The significance of this paradigm shift continues to have profound implications for literally anyone who competes each day for consumers' attention, consideration, and (most important of all) business. Hence the importance of this revised and updated edition. For decision-makers in most local chambers which do not offer luxury products and services, the challenge is to convince prospects (e.g. for membership, sponsorships, and for placement of advertising) that the total value far exceeds the given cost. (I agree with Warren Buffett that cost is what is charged but value is what a buyer think it's worth.) For example, many people will join a local chamber to "trade up" IF they perceive that, by doing so, they will then have access to better as well as more extensive networks of business contacts. In this instance, prestige and luxury are synonymous.
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24 of 25 people found the following review helpful By Daniel Limbach on April 8, 2004
Format: Hardcover
I loved this book for several reasons.
1) The premise made sense from the beginning
2) They backed it up with real data and examples
3) The book was highly readable (not an academic snooze inducer)
4) The information is useful to my business
A brilliant successor to Paco Underhill's outstanding "Why We Buy."
Are people shallow if they identify with certain products or lifestyle choices? Perhaps. What this consumer trend says about people is not the issue. It's about how businesses must adjust to this phenomenon to remain viable.
The book visits the concept of "Death in the middle." The market is polarizing more than ever. The biggest successes are either the lowest cost or the highest. People are moving away from the mid-range products. Your product is either a commodity or a specialty item.
People are choosing which goods that they want to be identified with - good that define their passion and personality. They will spend a great deal more on these few items. Everything else is unimportant, so the cheaper the cost the better.
So if you are a marketer, position your products as either the lowest cost or the highest. If you are a product manager, design your products to fit one or the other class. Don't die in the middle.
I wonder if we'll see this phenomenon in books. Maybe we'll start seeing $75 luxuriously bound books for people who love reading. I'll keep watching to see if anyone tries it.
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21 of 23 people found the following review helpful By Serge J. Van Steenkiste on August 8, 2005
Format: Hardcover Verified Purchase
Michael Silverstein has written a built-to-last business book about a global phenomenon that is not going away unlike so many other business fads. Trading Up and trading down has a transformational effect on more and more categories, retailing and markets. Silverstein clearly explains that the increasingly sophisticated consumers of the critical "middle market" have been key to drive a polarization of the product and service offering to the high and low ends of the price spectrum. Woe be to the businesses which continue to offer conventional goods and services getting "stuck in the middle." Think for instance about the Big Three of Detroit, traditional airline companies, and some chains of department stores.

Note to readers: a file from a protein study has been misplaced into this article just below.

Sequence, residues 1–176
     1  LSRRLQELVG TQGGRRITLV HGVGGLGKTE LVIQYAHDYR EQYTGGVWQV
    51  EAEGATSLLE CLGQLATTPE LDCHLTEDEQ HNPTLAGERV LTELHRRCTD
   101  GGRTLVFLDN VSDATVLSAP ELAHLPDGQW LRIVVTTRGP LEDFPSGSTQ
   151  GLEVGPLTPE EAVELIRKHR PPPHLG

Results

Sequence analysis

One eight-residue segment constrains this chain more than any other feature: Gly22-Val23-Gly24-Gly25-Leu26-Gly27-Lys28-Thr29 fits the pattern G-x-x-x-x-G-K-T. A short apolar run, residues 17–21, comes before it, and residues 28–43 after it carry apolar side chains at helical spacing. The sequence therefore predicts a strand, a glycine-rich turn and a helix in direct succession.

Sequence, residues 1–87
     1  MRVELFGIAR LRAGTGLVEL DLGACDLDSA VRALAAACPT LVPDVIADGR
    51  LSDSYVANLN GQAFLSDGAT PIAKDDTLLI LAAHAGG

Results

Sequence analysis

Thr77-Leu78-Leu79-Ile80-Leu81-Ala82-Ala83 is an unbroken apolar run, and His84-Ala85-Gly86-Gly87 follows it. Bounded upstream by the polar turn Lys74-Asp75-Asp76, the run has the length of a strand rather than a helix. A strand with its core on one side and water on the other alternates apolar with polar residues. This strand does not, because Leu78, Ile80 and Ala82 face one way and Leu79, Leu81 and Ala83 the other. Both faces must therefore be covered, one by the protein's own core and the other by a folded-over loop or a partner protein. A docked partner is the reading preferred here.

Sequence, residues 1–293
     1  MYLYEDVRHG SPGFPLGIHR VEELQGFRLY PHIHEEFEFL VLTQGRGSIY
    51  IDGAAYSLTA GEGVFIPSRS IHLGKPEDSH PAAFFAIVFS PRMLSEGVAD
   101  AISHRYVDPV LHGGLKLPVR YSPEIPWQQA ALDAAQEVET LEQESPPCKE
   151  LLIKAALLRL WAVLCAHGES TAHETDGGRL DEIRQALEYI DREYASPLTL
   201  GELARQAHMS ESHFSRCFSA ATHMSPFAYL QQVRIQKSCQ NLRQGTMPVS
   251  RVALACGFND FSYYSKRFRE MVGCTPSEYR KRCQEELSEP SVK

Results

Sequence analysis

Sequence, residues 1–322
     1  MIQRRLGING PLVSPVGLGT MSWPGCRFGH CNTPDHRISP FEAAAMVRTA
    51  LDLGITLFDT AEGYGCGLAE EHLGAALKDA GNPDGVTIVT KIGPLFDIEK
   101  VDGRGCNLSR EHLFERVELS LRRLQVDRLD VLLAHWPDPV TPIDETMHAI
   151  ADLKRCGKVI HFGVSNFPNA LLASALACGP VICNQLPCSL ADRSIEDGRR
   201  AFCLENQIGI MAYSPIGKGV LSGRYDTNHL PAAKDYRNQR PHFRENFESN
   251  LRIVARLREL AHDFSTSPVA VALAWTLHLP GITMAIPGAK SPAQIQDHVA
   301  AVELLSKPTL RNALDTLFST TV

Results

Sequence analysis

Although Silverstein focuses on trading up in this book, he mentions elsewhere that in 2004 in the U.S. alone, trading down was at $1 trillion almost twice as big as trading up. The "savings" that consumers get from an increasingly efficient economy can be re-injected in even more consumption. This consumption frenzy has resulted in abysmal saving rates that will haunt the U.S. when ongoing demographic changes will start to undermine the financial stability of complementary sources of income as Peter Peterson correctly points out in "Running on Empty."

In the meantime, smart entrepreneurs and companies have reinvented their marketplace by making "massstige" or mass prestige products available to an ever-growing proportion of the critical middle market. These products command a price premium over conventional offerings, but are priced well below super-premium or old luxury products. Furthermore, these mass prestige products are pretty resilient in a downturn economy.

Trading up is driven by changes to both demand and supply.
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22 of 26 people found the following review helpful By Monson Marukatat on June 5, 2004
Format: Hardcover
The trading up proposition is interesting, but the readers can grab the gist of the book by just reading chapter 1 which summarizes the entire book, and chapter 14 which covers the way forward. The other chapters are like exhibits to support the executive summary.